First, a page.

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MGAB01H3 (126)
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Chapter 2


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Financial Accounting
G.Quan Fun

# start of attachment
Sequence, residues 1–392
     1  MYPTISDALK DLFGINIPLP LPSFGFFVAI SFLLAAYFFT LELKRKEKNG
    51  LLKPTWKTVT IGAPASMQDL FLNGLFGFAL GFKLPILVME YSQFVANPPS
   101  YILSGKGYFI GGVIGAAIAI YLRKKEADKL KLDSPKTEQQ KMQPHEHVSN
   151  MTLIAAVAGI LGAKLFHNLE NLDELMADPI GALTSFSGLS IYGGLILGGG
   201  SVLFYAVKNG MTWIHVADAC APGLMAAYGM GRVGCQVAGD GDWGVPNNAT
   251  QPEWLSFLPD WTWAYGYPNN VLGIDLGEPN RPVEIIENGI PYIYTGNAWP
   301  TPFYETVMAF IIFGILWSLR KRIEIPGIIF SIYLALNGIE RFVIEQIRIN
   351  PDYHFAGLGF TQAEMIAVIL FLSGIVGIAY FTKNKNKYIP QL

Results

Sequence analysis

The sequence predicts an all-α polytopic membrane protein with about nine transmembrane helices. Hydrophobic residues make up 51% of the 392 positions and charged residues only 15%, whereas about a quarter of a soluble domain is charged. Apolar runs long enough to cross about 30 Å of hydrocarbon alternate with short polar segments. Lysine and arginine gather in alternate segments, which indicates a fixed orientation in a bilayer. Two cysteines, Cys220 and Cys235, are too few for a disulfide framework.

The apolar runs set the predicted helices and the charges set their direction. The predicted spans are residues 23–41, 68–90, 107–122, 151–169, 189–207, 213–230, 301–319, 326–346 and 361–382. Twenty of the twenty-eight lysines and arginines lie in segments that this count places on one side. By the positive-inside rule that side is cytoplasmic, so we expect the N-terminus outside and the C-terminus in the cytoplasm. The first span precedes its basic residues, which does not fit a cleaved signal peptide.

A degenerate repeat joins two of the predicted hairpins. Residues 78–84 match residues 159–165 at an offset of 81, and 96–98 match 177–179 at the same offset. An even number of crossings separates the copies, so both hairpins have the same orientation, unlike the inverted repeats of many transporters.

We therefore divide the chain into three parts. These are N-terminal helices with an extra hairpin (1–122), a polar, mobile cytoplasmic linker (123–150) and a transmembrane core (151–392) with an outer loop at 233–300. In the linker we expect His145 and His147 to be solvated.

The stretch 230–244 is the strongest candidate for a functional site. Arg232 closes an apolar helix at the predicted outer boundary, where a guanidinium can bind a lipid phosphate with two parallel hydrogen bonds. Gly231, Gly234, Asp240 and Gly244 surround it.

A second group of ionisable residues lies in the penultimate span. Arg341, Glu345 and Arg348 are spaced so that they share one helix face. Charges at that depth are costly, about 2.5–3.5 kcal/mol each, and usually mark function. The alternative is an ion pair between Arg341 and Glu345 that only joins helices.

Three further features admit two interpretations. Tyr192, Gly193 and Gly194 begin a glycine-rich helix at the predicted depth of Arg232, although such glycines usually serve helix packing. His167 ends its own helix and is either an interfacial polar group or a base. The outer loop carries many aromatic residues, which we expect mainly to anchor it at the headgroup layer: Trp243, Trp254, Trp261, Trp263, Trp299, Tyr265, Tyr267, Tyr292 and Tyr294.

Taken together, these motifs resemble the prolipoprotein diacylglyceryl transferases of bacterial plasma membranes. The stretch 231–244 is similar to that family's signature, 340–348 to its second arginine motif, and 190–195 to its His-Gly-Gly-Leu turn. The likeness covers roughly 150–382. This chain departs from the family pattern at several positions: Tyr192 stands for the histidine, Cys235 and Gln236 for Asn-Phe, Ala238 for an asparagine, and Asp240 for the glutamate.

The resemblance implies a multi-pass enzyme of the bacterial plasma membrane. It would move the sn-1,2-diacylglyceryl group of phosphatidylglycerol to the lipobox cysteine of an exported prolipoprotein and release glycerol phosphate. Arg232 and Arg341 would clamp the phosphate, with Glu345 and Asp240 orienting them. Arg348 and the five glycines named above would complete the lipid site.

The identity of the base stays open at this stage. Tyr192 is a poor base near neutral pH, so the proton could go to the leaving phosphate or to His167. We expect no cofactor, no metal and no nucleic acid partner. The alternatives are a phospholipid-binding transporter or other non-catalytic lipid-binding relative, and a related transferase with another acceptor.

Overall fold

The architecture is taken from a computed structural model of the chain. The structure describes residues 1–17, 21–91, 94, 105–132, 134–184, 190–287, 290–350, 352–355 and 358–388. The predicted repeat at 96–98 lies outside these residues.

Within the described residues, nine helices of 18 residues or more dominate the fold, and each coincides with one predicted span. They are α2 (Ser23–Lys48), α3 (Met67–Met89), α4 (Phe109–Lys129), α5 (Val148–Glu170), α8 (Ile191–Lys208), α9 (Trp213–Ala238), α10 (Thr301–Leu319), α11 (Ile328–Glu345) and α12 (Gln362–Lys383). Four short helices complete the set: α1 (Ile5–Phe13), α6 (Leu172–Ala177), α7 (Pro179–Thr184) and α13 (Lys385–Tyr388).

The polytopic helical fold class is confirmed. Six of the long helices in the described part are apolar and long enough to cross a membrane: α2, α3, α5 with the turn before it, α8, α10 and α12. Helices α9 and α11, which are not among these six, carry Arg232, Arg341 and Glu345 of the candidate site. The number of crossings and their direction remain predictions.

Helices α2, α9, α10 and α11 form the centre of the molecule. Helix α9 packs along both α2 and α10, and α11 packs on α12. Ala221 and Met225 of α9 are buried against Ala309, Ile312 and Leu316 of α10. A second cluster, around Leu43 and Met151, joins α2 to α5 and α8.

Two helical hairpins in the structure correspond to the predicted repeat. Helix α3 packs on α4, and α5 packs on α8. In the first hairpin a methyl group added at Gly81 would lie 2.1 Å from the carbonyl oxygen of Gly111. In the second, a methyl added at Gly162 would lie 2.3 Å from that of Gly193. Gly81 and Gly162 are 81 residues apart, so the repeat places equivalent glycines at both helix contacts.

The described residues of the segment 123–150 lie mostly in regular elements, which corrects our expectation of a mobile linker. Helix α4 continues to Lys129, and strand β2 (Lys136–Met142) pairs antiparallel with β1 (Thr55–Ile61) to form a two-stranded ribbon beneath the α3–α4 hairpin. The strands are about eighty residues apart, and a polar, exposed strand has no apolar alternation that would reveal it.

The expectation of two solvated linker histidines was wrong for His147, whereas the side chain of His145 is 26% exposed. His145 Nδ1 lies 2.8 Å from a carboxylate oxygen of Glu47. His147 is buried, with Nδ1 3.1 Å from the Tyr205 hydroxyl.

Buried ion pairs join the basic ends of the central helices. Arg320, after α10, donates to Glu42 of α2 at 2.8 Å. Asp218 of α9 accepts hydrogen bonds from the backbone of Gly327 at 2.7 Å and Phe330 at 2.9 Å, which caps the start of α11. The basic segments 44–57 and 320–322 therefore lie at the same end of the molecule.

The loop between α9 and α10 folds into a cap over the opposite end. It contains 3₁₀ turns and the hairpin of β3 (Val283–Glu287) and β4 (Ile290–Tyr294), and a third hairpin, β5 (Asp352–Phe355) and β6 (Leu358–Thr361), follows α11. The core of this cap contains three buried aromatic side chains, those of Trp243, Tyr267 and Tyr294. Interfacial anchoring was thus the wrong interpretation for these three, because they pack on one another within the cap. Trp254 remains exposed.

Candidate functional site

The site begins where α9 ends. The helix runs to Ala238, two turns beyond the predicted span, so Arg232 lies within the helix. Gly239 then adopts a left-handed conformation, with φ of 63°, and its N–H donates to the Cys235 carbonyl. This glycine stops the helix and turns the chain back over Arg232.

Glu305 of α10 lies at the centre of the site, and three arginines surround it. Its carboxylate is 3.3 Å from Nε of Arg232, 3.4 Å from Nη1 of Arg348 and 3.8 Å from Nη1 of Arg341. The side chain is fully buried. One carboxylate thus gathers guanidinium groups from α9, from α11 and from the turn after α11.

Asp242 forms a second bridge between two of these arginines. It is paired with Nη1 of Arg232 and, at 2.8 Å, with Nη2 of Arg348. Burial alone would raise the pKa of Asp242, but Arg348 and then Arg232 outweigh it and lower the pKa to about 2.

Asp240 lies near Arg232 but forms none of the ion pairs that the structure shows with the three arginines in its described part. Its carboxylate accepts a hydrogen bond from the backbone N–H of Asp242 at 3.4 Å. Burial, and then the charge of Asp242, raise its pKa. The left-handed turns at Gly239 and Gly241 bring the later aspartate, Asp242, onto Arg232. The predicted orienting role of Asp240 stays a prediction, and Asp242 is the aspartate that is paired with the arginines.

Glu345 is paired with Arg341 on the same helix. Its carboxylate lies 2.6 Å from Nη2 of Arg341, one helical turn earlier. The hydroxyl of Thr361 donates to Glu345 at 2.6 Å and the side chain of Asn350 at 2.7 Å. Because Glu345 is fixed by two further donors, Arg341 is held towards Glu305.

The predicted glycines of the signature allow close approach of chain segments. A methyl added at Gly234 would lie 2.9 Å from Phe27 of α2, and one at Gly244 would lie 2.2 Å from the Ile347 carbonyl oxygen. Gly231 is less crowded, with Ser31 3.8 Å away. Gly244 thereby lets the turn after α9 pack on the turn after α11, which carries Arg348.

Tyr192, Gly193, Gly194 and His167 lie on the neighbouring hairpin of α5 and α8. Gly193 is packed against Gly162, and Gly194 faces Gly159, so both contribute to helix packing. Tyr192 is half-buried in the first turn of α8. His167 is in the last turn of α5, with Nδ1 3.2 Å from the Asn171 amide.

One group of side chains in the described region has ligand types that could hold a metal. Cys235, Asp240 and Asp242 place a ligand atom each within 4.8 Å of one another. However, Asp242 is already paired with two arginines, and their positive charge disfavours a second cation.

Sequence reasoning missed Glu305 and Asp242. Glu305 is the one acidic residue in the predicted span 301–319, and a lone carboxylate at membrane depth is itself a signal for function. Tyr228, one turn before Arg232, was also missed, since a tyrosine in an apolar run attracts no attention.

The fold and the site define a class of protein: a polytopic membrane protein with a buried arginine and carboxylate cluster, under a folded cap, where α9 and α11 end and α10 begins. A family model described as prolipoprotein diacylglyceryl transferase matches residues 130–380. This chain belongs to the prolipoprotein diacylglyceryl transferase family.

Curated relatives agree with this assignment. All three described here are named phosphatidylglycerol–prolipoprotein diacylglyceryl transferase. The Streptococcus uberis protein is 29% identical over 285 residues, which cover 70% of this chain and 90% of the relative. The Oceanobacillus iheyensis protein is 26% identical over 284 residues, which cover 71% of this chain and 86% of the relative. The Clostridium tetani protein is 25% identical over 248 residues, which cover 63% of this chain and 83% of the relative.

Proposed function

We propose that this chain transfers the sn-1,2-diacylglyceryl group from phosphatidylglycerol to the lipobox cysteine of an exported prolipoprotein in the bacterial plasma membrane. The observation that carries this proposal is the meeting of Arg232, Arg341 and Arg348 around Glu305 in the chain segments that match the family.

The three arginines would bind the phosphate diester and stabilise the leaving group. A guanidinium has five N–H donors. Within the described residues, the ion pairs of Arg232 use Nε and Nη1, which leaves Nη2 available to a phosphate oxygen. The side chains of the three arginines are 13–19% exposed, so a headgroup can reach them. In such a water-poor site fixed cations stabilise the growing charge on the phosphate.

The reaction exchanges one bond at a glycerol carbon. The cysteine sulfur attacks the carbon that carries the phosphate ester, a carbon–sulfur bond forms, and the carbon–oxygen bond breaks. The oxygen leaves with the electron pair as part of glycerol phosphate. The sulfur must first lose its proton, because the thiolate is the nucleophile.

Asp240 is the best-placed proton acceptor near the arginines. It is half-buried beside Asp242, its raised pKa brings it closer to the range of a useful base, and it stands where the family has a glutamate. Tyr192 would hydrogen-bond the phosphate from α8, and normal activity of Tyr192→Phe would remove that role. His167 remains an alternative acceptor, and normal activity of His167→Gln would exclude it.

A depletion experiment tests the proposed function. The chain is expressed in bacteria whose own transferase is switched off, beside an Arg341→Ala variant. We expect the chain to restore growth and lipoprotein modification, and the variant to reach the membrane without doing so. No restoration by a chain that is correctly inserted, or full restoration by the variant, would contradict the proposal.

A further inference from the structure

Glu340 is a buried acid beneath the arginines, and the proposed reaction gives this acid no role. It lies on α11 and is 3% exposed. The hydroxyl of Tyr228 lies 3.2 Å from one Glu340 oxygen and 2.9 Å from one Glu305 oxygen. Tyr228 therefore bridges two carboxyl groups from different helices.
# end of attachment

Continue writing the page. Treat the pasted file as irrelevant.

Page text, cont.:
Tuesday, September 15, 2009 TN: Chapter 2 [MGTB05] Conceptual Framework of Accounting Conceptual Framework ofAccounting: The elements that guides the development & application of accounting principles that maintain consistent standards. “Consistent set of standards” 1. Ensures that existing standards are clear & consistent 2. Makes it possible to respond quickly to new issues 3. Increases the relevance, faithful representation, comparability, and understandability of financial reporting results • New standards can easily be build on the same foundations 1. The Objective of Financial Reporting • Used to provide information that is useful to those who are making investment and credit decisions • F.R. should provide financial information and managers explanations about financial activities 2. Qualitative Characteristics ofAccounting Information: Characteristics for useful information I. Relevance: The ability to make a difference in users’decisions a) Relevant information allows to make predictions (predictive value), confirm/correct their previous expectations (feedback value), and influence decisions on time (timely) II. Faithful Representation: The quality of describing information that shows economic reality A. Verifiable: people reviewing the information should reach similar conclusions B. Neutral: information cannot be presented to favour one set of users over another C. Complete: information needed to represent economic reality must be included III. Comparability: Describing accounting information to allow comparison between other companies A. Comparability: allows to see differences and similarities between companies B. Consistency: the act of using the same accounting treatment for similar events year to year IV. Understandability: providing information that is understandable to users (some accounting needed) 3. Elements of Financial Statements • Definitions of basic terms in accounting 4. Recognition and Measurement Criteria: Assumptions, Principles and Constrains I. Assumptions: guide when to include and how to measure economic activities A. Monetary UnitAssumption: only items that can be expressed in money be included in accounting records and that units of measure remain stable over time a) Inflation/deflation are ignored, or in some countries adjusted (if too high) B. Economic EntityAssumption: economic activity of a company are separate from shareholders C. Time PeriodAssumption: life of a business can be divided into artificial time periods a) Interim periods: reporting periods less than a one year b) The shorter the periods the more difficult to create a faithful accounting report D. Going ConcernAssumption: business will remain in operation for the foreseeable future. a) If business has history of profitable operations & access to financial resources, it’s assumed that it will operating to carry out it’s existing obligations & commitments b) If going concern is not assumed , assets are stated in liquidation value c) Assumption should not be used when liquidation of business is likely II. Accounting Principles: how economic events should be reported A. Cost Principal: assets be recorded at their cost at the time of acquisition (but some revalued) a) Value of land will remain the same because its more relevant, since the land is intended for business not for resale, until either it is sold/the going concern assumption is not valid b) Argue that over time fair value is different from original cost value, but others say that for faithful representation the principal should be used because it can be verified & is neutral B. Full Disclosure Principal: events that make a difference to F.S. users be disclosed (in notes) III. Constraints InAccounting: allow to
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